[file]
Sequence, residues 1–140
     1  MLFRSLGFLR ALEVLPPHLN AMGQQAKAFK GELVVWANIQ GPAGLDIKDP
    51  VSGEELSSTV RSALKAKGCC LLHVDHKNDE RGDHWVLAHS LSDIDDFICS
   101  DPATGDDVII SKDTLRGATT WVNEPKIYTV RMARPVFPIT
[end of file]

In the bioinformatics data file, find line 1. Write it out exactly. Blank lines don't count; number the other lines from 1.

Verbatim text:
Sequence, residues 1–140